Author Archives: Joanna

The mental image of a character : the influence of covers

A Mental Image from Voice alone

a blank face so we create our own mental imagesHave you ever met someone on the phone — a business colleague, perhaps — and created a mental image of them from voice and conversation alone? If you later met them face to face, how did the reality measure up to your mental picture?

I vividly remember doing just that with a woman who subsequently became a close colleague when I was working in London. From her voice on the phone, from her senior position in the organisation and from what she said to me, I pictured a middle-aged, rather motherly figure with mid-brown hair in a beautifully-coiffed jaw-length bob. It was a pretty strong mental picture, though I have no idea where it came from.

We had quite a few phone conversations. (This was long ago, in the days before social media, so there were no online images that I could view.)

motherly mental image turned into glamorous blondeAnd then I met her.

When she walked in, I was shocked.
I couldn’t have been more wrong.

She had a wild mane of curly ash-blonde hair, she was bubbly and she was fun. She was senior and responsible, certainly, but neither middle-aged nor motherly. Oops 😉

Mental Image : the Influence of a Book Cover

Cover of Sara Craven's last bookA few days ago, I was given a copy of the last book by the late, great Sara Craven, bestselling writer of deeply emotional romances and much-missed friend of the Libertà hive. I didn’t read the blurb on the back — I didn’t want anything to spoil the unfolding of a taut, unputdownable Sara Craven story — but I couldn’t help looking at the cover.

It’s lovely. That dark-eyed beauty with long straight ebony hair certainly registered with me. Yes, she could easily be the heroine of a Sara Craven romance. (For some reason, the chiselled, bearded hero didn’t make as deep an impression. It was the woman who set my imagination working. Something to do with the light on her jawline, maybe?)

Me-time: Cup of tea, book, mental images of charactersTime for me-time. Delicious luxury.
I sat down with a cup of tea and began to read. The voice of the ebony-haired beauty sang out from the first page. i was quickly hooked into her story and dying to uncover her secrets.

About three pages in, my mental image was shattered. Sara’s heroine, Alanna, had a cloud of dark auburn hair. What? Did that mean it was curly as well as red? What’s more, her eyes were green. Nooo! Not possible. She was already in my subconscious as that dark-haired, dark-eyed siren.

I read on — of course I did; it’s a fabulous read, a real belter of a story — but I’ll admit I had difficulty “seeing” Alanna in my mind’s eye after that, because my original mental image had been so wrong.writing for a reader - stressed

How to give Readers the “right” Mental Image

Is there a solution?

For my self-published books, the choice of cover model is my responsibility. And I try very hard to get it right. Mind you, it can be difficult, because I generally write historicals and because — whisper it ever so softly — many of the picture studios that produce shots for use in cover art don’t seem to have a clue about the period they’re supposed to be representing. If you don’t believe me, look at a typical example: female in ball gown, kneeling male in evening dress and…?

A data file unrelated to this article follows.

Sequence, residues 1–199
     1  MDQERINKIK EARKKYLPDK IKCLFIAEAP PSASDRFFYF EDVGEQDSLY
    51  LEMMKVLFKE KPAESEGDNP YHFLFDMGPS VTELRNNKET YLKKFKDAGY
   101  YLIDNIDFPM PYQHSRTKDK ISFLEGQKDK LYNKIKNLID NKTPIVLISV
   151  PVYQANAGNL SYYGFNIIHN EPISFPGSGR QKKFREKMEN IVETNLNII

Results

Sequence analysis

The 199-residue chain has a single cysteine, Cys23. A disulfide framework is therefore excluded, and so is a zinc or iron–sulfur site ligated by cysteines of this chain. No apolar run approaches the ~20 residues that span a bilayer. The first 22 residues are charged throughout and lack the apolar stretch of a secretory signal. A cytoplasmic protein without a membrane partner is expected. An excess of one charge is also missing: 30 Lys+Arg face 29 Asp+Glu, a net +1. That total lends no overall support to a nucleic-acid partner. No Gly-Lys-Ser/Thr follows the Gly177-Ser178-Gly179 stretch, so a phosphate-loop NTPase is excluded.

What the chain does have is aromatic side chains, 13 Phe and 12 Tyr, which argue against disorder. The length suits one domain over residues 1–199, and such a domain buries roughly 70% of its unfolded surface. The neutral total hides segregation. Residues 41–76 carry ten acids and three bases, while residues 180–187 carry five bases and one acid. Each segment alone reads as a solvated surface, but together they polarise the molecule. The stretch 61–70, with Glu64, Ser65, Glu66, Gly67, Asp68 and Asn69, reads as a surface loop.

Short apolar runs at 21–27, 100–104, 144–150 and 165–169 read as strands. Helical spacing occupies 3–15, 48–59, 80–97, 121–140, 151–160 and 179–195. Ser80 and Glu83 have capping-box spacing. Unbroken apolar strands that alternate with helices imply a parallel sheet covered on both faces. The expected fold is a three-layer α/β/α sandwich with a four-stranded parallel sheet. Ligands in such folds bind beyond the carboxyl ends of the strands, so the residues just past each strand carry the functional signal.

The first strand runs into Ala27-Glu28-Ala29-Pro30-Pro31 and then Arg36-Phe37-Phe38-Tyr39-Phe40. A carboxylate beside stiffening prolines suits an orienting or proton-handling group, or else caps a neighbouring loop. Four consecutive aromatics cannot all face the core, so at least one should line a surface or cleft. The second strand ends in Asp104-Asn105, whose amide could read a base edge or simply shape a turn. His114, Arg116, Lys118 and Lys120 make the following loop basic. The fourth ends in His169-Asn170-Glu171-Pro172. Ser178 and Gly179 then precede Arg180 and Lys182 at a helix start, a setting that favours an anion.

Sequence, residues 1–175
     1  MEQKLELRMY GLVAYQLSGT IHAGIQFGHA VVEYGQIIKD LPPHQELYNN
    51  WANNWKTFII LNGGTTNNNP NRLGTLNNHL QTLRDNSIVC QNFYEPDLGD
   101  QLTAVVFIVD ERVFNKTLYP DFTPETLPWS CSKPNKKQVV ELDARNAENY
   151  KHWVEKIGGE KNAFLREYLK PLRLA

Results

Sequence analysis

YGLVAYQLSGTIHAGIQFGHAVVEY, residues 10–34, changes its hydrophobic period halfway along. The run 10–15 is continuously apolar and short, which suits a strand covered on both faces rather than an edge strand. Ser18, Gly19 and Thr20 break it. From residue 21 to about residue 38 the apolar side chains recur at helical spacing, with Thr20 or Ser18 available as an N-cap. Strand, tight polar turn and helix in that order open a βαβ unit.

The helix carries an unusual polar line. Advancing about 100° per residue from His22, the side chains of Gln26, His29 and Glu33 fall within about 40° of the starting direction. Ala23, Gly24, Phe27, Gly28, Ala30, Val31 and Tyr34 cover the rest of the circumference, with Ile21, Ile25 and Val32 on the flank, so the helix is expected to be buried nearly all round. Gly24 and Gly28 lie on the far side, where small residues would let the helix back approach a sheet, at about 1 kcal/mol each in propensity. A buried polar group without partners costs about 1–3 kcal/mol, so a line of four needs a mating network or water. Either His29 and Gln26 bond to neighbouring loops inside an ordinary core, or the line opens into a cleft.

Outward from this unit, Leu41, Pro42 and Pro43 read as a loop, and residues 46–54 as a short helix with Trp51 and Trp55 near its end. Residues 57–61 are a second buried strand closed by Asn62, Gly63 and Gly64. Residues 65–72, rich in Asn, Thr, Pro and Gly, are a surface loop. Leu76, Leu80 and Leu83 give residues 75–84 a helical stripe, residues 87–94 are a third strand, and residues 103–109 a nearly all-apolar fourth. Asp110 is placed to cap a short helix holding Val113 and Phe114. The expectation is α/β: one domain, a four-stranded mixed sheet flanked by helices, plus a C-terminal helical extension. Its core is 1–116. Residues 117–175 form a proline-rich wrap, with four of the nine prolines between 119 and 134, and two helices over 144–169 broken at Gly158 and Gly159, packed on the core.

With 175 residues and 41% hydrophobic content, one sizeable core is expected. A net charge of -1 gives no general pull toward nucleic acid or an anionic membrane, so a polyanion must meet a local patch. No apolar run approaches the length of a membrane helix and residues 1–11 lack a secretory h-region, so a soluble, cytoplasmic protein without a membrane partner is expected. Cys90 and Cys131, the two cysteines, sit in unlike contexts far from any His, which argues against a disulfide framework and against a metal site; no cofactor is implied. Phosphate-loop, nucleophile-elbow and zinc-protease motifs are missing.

Riding boots in the drawing room?

…and boots. Riding boots! 

My #1 and biggest beef, by far.

Think of a cover scene.

It’s outdoors. He’s dressed for riding. Boots? Yes, fine. Totally appropriate. But how often is that kind of shot used?

More often, he’s in the lady’s drawing room. Boots? Well, possibly Hessian boots and pantaloons. Certainly not knee-high jobs for riding.

Ballgown and riding boots?

Often in these shots, though, he’s seducing the heroine at a ball. We know that, because she’s wearing a ballgown.
Hero in boots? No. Never.
Dancing shoes. Plus knee breeches, quite possibly, and silk stockings. But NOT boots.

I have a solution here that I’m happy to share. I usually ask my cover designer to hide the boots somehow — with the title, or a logo, or simply by cropping the shot. If it’s my own cover, I will NOT have my hero wearing riding boots at a ball.

Will photo galleries ever get the message? I’ve never yet seen a gallery shot featuring dancing pumps.
If you find one, please do let me know.

The Right Mental Image : Beef #2

A Regency Invitation, Edition in Polish

A Regency Invitation, Polish Edition

My second biggest beef is facial hair. In the Regency period, gentlemen were clean-shaven. They didn’t have moustaches or beards. And they absolutely did NOT have designer stubble.

Here’s one of my own covers that made the facial-hair mistake (though only in the background). Please don’t complain to the poor author, dear readers. I tried to get that beard photoshopped out as soon as I saw it, but I was too late. Much gnashing of authorly teeth.

Sometimes, both my beefs appear in a single shot. Have a look at these examples of a Regency couple: not only boots, but designer stubble as well. ARGH.

OK, that’s 2 beefs about the male models.
What about the females? Surely those are right?
Or a bit more right?

Rake’s Reward
Regency Lords & Ladies Collection


That, I fancy, is a topic for another blog.


And in the meantime, I leave you with the only one of my covers to include a gent in knee breeches. Problem is that, although he’s in period, he’s not exactly my mental image of a hero…

Sigh.Joanna Maitland, author


Veronica the crafty companion : Guest blog by Judy Astley

Judy Astley authorThis month, we welcome another Libertà friend and much-loved author, Judy Astley, to the blog.

Like so many of our guest bloggers, Judy has a fascinating portfolio of skills. She spent several years as a dressmaker, painter and illustrator before writing her first book, Just For The Summer. She’s since written nineteen more. Phew! And now, after a two-year rest to refill the creative well, she’s working on book number twenty-one. Her many fans will be delighted.

Like many other writers, Judy has a furry friend — Veronica. And Veronica sounds to be quite a character, as Judy explains…

Veronica has her own ideas about what to wear…

Veronica the crafty Burmese cat (+ friend)


My cat’s collar was starting to look like a charm bracelet. From it dangled her metal tag with her address and phone number, a magnetic gadget that opened her catflap and then this new addition: a soft blue disc that held a new device — a tracker.